Copies can be made on a microfilm copier or you can send into Salt Lake City on an order form, but you must include the film number. I usually write on the order form that "pages are not given within a folio/quire in the PCC", because the order form asks for pages.

PCC Wills in the Family Records Centre, London

The Copy wills of the PCC are also available on microfilm at the Family Records Centre, London in CLASS PROB 11 records. The manner of finding the correct film is given on leaflets/handouts available in the Family Record Centre. An example leaflet for PCC wills before 1700 is given on the Web at: http://www.pro.gov.uk/readers/frcleaflets/willsbefore.htm and after 1700 at: http://www.pro.gov.uk/readers/frcleaflets/willsafter.htm The original wills are available at the Public Record Office (PRO) Kew, but several days notice are required for production.

Wills on record with the Island Secretary collected by C.Long (RGO/SpTw)

These lists of wills were obtained on microfilm from the British Library as manuscripts deposited by C.E.Long in 1857 in Add.MS. 21931. They include (from folio 2-7) Names of Persons whose wills are registered in Jamaica previous to 1700, List (from Folio 13-27)of all testators whose wills are on record from 1701-1730 inclusive, in the Office of the Island Secretary, Jamaica and List (from Folio 28-45)of all Testators whose wills are on Record in the Office of the Island Secretary, Jamaica, from 1731-1750 inclusive. These Lists are handwritten lists made by or for C.Long who lived in the later part of the 18th Century.

The first group are wills prior to 1700 and they are listed by Liber (1-9) and year as they occurred within a letter of the alphabet. i.e. all "A" surnames were together for each liber but they were not strictly in Alphabetical order within a letter. I have now arranged them in alphabetical order. No folio is given for this set of wills. WARNING: Some of these wills have been recopied and new libers and folios assigned.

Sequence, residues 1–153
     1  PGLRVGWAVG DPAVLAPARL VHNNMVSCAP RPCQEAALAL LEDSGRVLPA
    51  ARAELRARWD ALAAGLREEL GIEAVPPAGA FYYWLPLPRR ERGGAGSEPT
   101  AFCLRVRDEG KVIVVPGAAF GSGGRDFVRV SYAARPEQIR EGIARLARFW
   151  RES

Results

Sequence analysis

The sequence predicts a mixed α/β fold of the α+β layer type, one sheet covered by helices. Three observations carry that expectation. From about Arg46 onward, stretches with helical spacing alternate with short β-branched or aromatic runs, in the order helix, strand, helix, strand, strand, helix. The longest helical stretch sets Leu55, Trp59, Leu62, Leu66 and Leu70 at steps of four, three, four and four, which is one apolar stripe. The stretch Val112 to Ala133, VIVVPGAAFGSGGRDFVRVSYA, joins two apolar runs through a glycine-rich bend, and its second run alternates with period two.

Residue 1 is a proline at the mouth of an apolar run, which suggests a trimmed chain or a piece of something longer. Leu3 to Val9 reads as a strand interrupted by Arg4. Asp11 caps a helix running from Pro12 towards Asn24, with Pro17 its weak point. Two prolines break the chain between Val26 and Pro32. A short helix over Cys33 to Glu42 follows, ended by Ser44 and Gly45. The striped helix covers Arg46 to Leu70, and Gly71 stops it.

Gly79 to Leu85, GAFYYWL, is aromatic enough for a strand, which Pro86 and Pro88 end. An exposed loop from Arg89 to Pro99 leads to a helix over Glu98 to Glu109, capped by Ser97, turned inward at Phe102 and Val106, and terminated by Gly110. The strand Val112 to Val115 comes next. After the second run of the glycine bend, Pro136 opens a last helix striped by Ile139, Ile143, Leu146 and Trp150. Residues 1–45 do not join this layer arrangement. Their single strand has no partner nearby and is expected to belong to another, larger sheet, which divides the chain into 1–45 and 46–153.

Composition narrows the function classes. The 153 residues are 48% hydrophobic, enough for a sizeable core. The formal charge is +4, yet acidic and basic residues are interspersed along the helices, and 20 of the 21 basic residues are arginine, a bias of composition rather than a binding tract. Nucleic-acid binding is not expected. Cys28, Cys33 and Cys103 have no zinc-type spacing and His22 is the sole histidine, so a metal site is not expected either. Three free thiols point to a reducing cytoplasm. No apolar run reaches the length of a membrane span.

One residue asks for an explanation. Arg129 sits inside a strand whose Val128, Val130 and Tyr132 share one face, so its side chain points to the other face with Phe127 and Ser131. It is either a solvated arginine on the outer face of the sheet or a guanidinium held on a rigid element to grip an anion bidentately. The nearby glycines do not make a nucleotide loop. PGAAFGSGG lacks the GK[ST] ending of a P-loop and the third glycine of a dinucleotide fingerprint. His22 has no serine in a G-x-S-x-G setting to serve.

The second group are wills of testators from 1701-1730, the wills are again given by semi-alphabetical list within a liber (Libers 9-18) and a folio number is given. WARNING: Some of these wills have been recopied and new libers and folios assigned.

The third group of wills is like the first group and go from 1731-1750 (Libers 18 - 28) in that there are no folios given but there is a liber and date associated with each will.

In order to access these wills you need to get a record's researcher in Jamaica to find them for you. In my case, she was able to find a 1738 will but it had deteriorated so badly that it was impossible to copy and only half the page was readable. Still the remainder mentioned many people.

At the very least, this index stands as a census of people, mostly men, who were in Jamaica and who owned some property real (land) or personal, at the time of their deaths. Note these are recorded wills so some of the pages of the records may have deteriorated and may no longer be available, although they were available when C. Long made the lists.

The lists of C. Long used were hand written. This means that sometimes it was difficult to make distinctions between like letters such as "e" and "o", "l" and "t", etc. Also in that period, the original writers were not as careful about using the correct spelling of a surname. I have come across two different spellings of a surname in the same document. Where it seems likely that a similar name appearing before is meant, I have given it as a second name, after a slash. The reader is advised to use all cognates of the name they are looking for in the lists.